“We’ve helped connect people to support groups and church groups that offer some sort of counseling,” she said. “We’ve helped people financially get into some sort of therapy or helped them gain the resources to do so.”


Heather has also kept the issue of violence front and center in the public mind, be it through articles in AY About You and Arkansas Money & Politics magazines or via her personal testimony.


“The typical victim goes through something horrible, but because they’re not a public figure, they’re in the news for a day, and then it blows over,” she said. “When it happens to somebody who’s really visible, more people tend to sit up and listen. I have a platform to tell a story from, and that’s exactly what I will continue to do.”


Misty Hunt

Development and Public Policy Specialist,

Children’s Advocacy Centers of Arkansas

Misty Hunt was introduced to the issues surrounding domestic violence in Arkansas during her time as chief of staff for former Arkansas First Lady Susan Hutchinson, and since February, she has applied what she learned to the mission of Children’s Advocacy Centers of Arkansas. She said she is still inspired in her work by what she saw from her former boss.


“Watching Susan’s determination, her passion, her attitude of never giving up and yet also, she led with such grace,” Hunt said. “[Child abuse] is such a hard subject, yet she was willing to go out and speak about it. People don’t want to admit domestic violence happens, and it does. It happens right next door, it happens to the people that you know. Susan was willing to sit up in front of an audience of 300 and tell them the truth. For me, that spoke wonders.”


One of the organizations the first lady advocated was WOW, which introduced Hunt to the organization’s mission. She worked directly with the group for special events such as Woman of the Year recognition events. She said she was shocked when the tables were turned and she was the focus of that recognition.


“Women’s Own Worth means, literally, to know your worth, but I felt undeserving,” she said. “There are so many more people that do so many wonderful things. It was a huge honor; I wanted to use it to make sure victims know that we’re here. It was something I didn’t expect. I hope and I pray that I’ve lived up to it.”


Associate Justice

Rhonda Wood

Arkansas Supreme Court Justice

Associate Justice Rhonda Wood did not start her legal career as a crusader for the downtrodden, but the challenges of starting a law practice and her commitment to pro bono work for underserved populations put her legal career on a collision course with being a trial lawyer, which led to a justiceship.


“I did not see myself on the bench, so I would say that makes me an ‘accidental’ Supreme Court Justice,” she said. “It was just God opening different doors on my legal path.”


Since 2014, Wood has chaired the Supreme Court’s Commission on Children, Youth and Families, through which she crossed paths with Women’s Own Worth. She then became a valued point of contact for various tasks that needed to get done but had languished, especially updating the Arkansas domestic violence handbook, a self-help guide for survivors that explains legal rights and how to get help from the system.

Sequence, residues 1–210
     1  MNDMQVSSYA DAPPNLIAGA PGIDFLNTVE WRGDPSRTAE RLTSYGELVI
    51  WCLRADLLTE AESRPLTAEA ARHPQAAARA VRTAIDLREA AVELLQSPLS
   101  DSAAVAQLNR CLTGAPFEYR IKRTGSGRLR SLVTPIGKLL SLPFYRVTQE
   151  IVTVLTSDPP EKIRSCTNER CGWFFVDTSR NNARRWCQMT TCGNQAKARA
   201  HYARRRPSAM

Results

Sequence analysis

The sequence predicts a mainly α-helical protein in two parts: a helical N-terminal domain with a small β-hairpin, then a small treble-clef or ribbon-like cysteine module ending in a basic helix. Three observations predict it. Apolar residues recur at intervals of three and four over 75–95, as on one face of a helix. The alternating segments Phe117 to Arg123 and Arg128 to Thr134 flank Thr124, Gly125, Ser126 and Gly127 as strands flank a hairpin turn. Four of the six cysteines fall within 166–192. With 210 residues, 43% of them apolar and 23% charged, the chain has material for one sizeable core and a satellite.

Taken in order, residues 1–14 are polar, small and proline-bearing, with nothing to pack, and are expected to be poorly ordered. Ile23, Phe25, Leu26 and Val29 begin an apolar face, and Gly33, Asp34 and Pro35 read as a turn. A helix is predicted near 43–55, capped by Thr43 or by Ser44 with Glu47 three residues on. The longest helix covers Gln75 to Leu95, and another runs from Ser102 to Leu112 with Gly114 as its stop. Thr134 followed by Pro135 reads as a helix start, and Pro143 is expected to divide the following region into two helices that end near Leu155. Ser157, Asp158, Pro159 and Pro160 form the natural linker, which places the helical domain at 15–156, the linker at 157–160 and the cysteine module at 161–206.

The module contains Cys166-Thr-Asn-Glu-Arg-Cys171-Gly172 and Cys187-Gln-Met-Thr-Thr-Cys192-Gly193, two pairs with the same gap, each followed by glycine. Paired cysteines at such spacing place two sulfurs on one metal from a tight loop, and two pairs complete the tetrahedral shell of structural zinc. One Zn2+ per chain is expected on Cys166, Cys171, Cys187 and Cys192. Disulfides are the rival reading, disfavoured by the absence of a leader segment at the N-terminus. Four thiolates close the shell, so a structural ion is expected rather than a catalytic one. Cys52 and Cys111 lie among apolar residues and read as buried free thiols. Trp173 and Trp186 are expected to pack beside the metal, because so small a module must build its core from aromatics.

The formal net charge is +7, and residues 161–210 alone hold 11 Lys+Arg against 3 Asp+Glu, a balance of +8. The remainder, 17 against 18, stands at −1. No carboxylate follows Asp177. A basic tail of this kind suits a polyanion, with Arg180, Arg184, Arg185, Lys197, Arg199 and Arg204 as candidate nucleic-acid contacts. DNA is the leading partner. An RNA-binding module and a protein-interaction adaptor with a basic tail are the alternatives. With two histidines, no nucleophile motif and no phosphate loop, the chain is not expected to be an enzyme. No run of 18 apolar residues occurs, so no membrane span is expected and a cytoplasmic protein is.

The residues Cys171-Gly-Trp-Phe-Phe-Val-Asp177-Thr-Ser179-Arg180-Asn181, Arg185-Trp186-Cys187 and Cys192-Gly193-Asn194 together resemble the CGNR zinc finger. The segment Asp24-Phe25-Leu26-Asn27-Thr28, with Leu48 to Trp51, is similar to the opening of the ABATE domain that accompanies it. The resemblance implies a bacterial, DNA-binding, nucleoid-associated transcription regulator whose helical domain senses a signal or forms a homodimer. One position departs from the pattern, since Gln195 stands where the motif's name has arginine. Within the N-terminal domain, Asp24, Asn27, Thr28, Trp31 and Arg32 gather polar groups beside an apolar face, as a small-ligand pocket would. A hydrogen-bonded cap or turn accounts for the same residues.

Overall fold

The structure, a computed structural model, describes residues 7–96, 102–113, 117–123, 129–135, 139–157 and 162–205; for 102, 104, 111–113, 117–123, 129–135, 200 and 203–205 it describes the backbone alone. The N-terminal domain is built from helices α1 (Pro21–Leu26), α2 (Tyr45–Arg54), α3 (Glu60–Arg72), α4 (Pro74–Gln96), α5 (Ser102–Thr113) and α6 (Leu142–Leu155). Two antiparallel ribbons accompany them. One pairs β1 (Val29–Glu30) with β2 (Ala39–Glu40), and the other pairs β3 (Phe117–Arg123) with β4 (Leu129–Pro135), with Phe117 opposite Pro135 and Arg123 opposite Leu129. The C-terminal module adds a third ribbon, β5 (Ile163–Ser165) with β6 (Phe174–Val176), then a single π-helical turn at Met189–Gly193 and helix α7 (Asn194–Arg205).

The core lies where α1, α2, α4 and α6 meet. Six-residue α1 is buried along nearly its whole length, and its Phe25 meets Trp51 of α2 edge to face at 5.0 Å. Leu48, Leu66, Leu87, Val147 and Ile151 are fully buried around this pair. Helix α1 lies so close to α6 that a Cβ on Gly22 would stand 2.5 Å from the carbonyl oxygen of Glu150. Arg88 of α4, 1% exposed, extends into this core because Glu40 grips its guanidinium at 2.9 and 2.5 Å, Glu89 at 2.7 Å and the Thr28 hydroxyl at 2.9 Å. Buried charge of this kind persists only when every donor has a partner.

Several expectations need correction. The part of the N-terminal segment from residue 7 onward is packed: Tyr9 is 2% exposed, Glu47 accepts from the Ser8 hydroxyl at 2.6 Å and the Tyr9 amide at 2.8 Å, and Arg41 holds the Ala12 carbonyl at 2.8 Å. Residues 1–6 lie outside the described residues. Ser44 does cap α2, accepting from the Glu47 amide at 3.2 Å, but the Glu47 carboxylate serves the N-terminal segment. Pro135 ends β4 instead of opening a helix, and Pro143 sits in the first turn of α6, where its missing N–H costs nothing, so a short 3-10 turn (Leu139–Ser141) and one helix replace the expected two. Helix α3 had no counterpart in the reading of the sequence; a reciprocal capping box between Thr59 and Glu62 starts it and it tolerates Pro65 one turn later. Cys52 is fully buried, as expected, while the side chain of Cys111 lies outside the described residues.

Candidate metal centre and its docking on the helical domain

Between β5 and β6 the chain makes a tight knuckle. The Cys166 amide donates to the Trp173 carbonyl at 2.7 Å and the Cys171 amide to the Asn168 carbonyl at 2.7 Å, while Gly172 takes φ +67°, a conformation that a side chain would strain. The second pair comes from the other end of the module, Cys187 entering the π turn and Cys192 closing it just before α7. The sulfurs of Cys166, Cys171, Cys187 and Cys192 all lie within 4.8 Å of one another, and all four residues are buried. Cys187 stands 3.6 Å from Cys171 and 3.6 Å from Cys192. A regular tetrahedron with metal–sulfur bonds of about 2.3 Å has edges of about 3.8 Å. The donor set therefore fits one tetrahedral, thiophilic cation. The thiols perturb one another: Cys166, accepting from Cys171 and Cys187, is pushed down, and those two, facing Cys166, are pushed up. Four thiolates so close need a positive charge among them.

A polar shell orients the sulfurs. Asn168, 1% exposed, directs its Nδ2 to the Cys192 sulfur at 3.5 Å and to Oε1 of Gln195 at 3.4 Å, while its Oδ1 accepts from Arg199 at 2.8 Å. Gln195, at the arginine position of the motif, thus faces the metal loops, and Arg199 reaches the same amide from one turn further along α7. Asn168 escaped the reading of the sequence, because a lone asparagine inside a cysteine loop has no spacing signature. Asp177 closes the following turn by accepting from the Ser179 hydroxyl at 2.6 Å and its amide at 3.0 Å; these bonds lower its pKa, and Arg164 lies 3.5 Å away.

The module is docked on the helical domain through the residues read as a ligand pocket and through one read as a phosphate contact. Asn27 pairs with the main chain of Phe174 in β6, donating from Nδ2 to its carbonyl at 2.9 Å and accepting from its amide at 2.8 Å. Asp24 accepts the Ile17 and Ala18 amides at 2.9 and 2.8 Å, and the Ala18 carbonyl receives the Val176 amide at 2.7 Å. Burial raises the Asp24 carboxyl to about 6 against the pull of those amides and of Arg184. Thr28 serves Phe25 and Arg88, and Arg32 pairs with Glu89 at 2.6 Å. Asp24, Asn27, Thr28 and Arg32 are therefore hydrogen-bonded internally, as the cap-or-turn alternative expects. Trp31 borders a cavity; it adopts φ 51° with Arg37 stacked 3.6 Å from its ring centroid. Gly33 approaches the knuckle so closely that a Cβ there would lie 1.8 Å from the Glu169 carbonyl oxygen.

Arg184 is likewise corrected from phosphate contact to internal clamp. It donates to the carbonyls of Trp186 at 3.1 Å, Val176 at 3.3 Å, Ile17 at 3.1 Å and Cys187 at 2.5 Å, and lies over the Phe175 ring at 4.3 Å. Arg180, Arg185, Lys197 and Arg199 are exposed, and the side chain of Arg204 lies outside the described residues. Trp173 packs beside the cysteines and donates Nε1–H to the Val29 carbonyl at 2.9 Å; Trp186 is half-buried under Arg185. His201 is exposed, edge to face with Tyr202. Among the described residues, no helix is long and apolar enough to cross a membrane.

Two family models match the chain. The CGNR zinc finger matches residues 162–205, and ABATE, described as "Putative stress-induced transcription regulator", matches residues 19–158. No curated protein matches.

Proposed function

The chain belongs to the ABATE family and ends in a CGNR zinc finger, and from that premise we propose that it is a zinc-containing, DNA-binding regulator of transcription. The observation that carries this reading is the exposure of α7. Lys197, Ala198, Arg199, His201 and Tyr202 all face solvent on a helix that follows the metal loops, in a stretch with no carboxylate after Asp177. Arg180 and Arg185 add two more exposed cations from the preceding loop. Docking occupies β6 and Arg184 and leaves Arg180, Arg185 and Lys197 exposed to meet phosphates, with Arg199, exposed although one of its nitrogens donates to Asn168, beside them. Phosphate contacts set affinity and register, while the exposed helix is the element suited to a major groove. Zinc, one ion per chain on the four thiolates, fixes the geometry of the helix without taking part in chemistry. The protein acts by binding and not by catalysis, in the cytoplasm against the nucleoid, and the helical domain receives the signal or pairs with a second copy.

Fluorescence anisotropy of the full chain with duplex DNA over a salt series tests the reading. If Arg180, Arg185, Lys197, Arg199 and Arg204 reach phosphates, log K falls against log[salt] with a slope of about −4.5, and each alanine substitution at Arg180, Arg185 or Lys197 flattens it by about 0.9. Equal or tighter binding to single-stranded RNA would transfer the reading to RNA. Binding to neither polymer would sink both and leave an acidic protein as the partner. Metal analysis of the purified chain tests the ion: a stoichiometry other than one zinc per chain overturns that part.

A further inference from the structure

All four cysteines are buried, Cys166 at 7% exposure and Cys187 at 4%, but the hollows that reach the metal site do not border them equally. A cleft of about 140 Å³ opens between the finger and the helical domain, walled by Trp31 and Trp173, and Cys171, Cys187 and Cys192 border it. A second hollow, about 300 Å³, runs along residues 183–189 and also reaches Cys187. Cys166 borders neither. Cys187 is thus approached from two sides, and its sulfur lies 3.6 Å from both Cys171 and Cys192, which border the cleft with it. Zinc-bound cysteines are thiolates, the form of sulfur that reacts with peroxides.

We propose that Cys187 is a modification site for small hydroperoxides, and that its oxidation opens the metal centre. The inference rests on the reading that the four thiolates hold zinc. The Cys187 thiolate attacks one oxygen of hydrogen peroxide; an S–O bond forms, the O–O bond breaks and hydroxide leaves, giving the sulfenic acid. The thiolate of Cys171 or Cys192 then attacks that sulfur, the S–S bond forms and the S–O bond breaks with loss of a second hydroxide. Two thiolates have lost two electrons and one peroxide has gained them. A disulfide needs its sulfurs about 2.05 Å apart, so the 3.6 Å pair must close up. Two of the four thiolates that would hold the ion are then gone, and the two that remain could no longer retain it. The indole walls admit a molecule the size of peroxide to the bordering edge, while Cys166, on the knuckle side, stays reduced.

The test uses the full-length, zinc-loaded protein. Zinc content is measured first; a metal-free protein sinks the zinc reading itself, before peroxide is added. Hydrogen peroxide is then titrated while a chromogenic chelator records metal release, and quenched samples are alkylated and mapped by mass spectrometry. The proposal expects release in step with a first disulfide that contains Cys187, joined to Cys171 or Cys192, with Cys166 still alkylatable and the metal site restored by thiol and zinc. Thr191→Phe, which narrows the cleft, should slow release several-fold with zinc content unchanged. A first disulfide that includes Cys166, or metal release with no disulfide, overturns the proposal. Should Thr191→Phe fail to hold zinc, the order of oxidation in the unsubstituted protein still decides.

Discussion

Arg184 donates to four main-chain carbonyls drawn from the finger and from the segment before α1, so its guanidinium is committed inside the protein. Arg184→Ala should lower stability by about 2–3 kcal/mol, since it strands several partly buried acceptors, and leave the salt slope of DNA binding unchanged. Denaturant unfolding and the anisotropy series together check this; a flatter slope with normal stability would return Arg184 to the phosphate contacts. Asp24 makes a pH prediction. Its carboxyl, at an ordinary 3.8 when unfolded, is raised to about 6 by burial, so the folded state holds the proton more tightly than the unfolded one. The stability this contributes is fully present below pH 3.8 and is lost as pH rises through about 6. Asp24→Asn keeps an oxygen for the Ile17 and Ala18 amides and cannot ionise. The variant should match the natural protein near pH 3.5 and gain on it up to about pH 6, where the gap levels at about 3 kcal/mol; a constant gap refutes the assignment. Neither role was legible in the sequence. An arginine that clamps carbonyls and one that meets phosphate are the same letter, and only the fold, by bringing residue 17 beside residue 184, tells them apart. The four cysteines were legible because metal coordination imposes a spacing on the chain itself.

Wood continues to advocate for families in crisis whenever the opportunity presents itself. She said while much has been made of domestic violence in recent years, there is still a long way to go.


“There is still the perception that [a survivor is] weak for staying,” she said. “In fact, some women in these terrible situations are so strong, and in seeing it as an inherent weakness, the rest of us are putting the blame on the victim. We think they have a door they can walk through, but it’s rarely that easy to see it in that situation.”


Dawn Jones

Sissy’s Log Cabin

A few months into dating her future husband, Dawn Jones accompanied him to a WOWapalooza. She said she was already painfully aware of the problem of violence in Arkansas, but the event was inspiring in how it provided hope and healing for survivors.


Since joining the Jones family behind the iconic Sissy’s Log Cabin jewelry chain, which designed and produces the custom necklace presented to Woman of the Year honorees, Dawn Jones has continued to stay active with WOW through various projects and initiatives.


“To me, the biggest thing about violence in Arkansas and especially domestic violence is just how common it still is,” she said. “I don’t want to say every woman, but unfortunately most women have experienced some form or fashion of it at some point in their life. That’s just heartbreaking to me.


“Sissy’s still does WOWapalooza every year, and I work with Jajuan on that. I’ve worked with her on the halfway houses she’s building. Anything she asks, I usually do my best to say yes and make it happen.


As for being named a Woman of the Year herself, Jones was taken aback.


“It was very humbling,” she said. “I couldn’t really figure out why Jajuan wanted me at first. In my mind, I didn’t think I was doing much to help her. I was doing what I could, but I didn’t think it was award worthy. Jajuan told me, and I think this is a lesson for everybody, every little bit makes a much bigger difference than you realize.”